God’s means of salvation is the only means of salvation.
Lesson 23 from The HOPE Study Guide
Behold, I, even I am bringing the flood of water upon the earth, to destroy all flesh in which is the breath of life, from under heaven; everything that is on the earth shall perish. But I will establish My covenant with you; and you shall enter the ark – you and your sons and your wife, and your sons’ wives with you. And of every living thing of all flesh, you shall bring two of every kind into the ark, to keep them alive with you; they shall be male and female.
– Gen 6:17-19
But there was a man named Noah who followed God. And God gave Noah detailed instructions to build a huge boat, called an ark. Then, God sent a male and female of every kind of animal to enter the ark. And after Noah and his family were inside the ark, God closed the door. Then God made it rain for forty days and nights, flooding the whole earth and destroying everything that lived on the earth. For one hundred and fifty days water covered the earth. But Noah and his family, and the animals, were safe in the ark. When the water finally subsided, the ark came to rest on a mountain, and the animals went their own way. And so it was that Noah and his family escaped God’s judgment of evil in the world; not because they were without sin, but because they believed God.
– The HOPE, Chapter 4
OBSERVE & CONSIDER
The story of Noah is nothing short of amazing. Skeptics call it a fable. Yet in ancient civilizations from every region of the world, stories of a global flood abound. H.S. Bellamy in Moons, Myths and Men estimates that there are over 500 flood legends worldwide.1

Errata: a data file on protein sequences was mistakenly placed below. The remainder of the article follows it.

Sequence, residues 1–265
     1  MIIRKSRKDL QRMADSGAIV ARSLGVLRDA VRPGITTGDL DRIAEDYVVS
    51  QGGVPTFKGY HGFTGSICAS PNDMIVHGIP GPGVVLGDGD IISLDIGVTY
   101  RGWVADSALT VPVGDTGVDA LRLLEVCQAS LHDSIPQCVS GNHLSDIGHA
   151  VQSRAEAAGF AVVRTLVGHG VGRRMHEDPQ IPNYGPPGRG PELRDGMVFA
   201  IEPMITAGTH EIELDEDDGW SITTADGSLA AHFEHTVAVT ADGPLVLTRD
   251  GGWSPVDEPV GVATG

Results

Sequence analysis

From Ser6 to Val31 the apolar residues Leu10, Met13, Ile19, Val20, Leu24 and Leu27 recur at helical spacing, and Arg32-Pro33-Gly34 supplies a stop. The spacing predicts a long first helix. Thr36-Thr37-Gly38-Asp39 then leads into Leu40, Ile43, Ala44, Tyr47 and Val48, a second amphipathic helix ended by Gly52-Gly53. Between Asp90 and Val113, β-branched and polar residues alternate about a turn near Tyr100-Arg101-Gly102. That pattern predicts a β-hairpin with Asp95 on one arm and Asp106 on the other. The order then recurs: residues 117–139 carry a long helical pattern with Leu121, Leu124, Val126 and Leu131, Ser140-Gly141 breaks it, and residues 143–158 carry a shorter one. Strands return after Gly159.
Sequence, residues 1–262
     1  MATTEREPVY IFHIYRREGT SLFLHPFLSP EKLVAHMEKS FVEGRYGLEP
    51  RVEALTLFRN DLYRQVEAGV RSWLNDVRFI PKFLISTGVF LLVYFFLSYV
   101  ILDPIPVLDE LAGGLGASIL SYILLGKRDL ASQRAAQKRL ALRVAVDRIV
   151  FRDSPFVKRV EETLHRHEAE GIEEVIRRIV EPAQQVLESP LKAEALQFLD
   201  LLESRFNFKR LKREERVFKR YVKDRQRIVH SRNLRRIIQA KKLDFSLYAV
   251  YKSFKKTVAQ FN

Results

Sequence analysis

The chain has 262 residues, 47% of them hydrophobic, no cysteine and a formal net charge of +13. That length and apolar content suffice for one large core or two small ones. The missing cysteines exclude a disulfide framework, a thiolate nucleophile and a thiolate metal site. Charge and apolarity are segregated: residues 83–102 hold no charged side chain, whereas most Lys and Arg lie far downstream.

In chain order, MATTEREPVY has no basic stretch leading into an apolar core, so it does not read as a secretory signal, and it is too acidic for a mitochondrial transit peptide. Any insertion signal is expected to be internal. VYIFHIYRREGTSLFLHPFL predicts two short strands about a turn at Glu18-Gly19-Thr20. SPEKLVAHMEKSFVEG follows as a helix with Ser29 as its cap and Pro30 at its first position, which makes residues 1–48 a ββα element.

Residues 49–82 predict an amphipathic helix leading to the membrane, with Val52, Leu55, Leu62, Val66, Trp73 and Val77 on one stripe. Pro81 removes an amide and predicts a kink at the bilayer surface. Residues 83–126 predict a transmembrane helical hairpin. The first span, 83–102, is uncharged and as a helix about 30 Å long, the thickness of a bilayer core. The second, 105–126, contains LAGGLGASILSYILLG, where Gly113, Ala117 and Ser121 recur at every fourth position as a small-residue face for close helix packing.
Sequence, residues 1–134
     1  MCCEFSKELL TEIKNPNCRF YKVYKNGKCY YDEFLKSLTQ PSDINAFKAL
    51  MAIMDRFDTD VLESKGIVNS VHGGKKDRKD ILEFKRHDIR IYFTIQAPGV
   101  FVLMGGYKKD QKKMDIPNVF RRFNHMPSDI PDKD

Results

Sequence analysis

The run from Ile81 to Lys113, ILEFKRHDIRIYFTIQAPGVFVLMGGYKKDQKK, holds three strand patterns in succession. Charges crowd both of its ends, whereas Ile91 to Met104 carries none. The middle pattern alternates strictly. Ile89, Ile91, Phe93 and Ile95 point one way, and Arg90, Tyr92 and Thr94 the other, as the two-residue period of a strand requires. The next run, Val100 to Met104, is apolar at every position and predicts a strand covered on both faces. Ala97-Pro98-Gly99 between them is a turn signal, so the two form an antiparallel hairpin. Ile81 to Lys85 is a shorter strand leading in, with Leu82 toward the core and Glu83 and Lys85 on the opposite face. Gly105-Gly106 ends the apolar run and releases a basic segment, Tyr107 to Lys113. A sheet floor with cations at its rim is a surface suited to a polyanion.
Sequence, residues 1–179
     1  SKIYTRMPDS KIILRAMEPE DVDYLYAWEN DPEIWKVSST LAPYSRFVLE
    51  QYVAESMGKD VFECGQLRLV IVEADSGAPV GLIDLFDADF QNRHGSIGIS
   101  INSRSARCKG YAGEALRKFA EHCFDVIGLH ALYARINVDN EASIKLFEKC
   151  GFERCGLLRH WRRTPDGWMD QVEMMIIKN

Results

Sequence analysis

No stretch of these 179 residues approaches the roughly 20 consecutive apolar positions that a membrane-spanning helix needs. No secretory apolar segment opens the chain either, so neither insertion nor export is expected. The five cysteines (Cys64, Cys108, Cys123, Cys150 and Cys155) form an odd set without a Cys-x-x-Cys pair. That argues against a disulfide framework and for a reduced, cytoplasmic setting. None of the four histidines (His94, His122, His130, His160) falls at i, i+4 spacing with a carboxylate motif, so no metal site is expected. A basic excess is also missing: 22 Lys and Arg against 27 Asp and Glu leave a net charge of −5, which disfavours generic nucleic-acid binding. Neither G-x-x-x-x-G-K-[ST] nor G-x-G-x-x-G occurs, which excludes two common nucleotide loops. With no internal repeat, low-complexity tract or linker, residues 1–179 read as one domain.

In the Bible this story is found in Genesis, Chapters 6–9. Volumes have been written on these chapters, but for the sake of our study today we will focus on three subjects.
- 1. The judgment of God – the result of His holy character
In the previous lesson, we saw from Genesis 6:6 that God was deeply grieved over the sin of mankind. In Genesis 6:7 we read of God’s intent to “blot out” man from the face of the earth. At first, one might think that God’s intention to blot out man in verse 7 was motivated by His grief in verse 6. It might appear that God, becoming disappointed with man, somehow lost His patience. But is that really true?
We humans are often disappointed when our expectations are unmet. But God, who is not limited by the dimensions of time and space, knows the future (see verses in Lesson 6). What He expects is what happens. What happens is what He expected. So how could God be disappointed? Continue reading